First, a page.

i. application of Article 12(1) (application of the same law as to the transfer contract): this solution has been adopted by the Dutch courts. [87] It has unquestionable advantages in legal systems which do not usually distinguish between the validity of the transfer contract and the effectiveness of the transfer of ownership of the claim;

[87] Hoge Raad, 16 May 1997, Nederlands International Privatrecht 1997, No 209.

ii. application of Article 12(1) (application of the same law as to the original claim): this was the solution in the preliminary draft Convention but not in the final text. It is also the solution applied by the German courts. [88] The position here is that the fate of third parties in general, such as a creditor of the transferor or a second assignee of the same claim, should not be dissociated from that of the assigned debtor; the law applicable to the question whether the contract can be pleaded would be the same in both cases, ensuring a degree of consistency in the treatment of the assignment operation as a whole;

[88] Bundesgerichtshof, 8 December 1998, XI ZR 302/97, IPRAX, 2000, p. 124.

iii. application of the law of the place of residence of the assignment debtor: since the assignor's creditors are not always familiar with the law applicable to the original claim, some propose that the question whether the contract can be pleaded should be governed by the law of the place of residence of the assignment debtor. This solution has the advantage that third parties will be familiar with this law, but it would further complicate the multiple business credit assignments when debtors are resident abroad, a single business operation being subject to several laws;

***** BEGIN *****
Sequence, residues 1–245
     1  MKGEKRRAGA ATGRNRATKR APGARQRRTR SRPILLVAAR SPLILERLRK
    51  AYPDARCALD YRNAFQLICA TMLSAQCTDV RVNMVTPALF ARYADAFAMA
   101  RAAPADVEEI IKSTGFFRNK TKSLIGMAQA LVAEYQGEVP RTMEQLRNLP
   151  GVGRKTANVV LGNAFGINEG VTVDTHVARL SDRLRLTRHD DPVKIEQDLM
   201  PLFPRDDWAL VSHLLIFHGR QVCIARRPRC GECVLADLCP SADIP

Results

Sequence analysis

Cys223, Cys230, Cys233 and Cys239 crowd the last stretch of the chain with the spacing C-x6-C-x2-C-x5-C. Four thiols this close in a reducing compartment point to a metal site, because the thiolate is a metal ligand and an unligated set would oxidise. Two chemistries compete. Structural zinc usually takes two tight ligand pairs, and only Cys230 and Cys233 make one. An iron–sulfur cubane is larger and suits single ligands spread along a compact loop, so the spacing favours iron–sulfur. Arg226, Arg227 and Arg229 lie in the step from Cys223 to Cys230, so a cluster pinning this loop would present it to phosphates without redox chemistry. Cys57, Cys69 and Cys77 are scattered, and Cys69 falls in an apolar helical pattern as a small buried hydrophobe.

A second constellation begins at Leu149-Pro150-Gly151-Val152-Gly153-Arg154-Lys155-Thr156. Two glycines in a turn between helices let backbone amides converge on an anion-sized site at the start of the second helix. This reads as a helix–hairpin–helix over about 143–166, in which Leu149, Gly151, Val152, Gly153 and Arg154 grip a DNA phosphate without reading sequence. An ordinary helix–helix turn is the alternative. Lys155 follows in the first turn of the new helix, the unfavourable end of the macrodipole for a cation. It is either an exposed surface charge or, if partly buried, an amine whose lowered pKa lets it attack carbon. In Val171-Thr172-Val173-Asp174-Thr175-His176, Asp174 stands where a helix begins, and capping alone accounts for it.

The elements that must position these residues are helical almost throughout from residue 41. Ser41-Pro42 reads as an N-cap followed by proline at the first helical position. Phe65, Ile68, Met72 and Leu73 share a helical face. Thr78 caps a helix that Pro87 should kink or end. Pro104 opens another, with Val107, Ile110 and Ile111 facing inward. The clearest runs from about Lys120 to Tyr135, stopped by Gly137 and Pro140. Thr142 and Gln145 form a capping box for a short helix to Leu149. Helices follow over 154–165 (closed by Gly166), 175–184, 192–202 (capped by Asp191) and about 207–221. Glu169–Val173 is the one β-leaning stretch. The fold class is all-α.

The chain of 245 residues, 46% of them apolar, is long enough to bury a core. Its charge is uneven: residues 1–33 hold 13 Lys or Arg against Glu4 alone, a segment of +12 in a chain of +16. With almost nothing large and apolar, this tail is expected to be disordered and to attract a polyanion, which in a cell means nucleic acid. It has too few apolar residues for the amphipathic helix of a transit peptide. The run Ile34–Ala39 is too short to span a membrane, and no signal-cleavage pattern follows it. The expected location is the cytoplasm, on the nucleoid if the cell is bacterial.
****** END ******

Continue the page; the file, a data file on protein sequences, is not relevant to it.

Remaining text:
iv. application of the law of the assignor's residence: this is the solution best capable of satisfying the criterion of foreseeability for third parties. Thus was this solution adopted by the United Nations Convention on the assignment of claims in international trade; [89]

[89] Adopted by the General Assembly on 31 January 2002. This Convention has not yet been signed or ratified by any of the Member States. It does not provide for an "opt-out" mechanism for Article 22 concerning the possibility of relying on the assignment against third parties, contrary to the other conflict rules.

v. all the solutions except point (ii) have the disadvantage of making the question whether the assignment can be invoked against the assigned debtor and against other third parties subject to different laws, which could in certain circumstances lead to deadlock. It has therefore been suggested that there might be a material rule giving priority to whoever brings the first action while taking into account the good or bad faith of the competing creditors.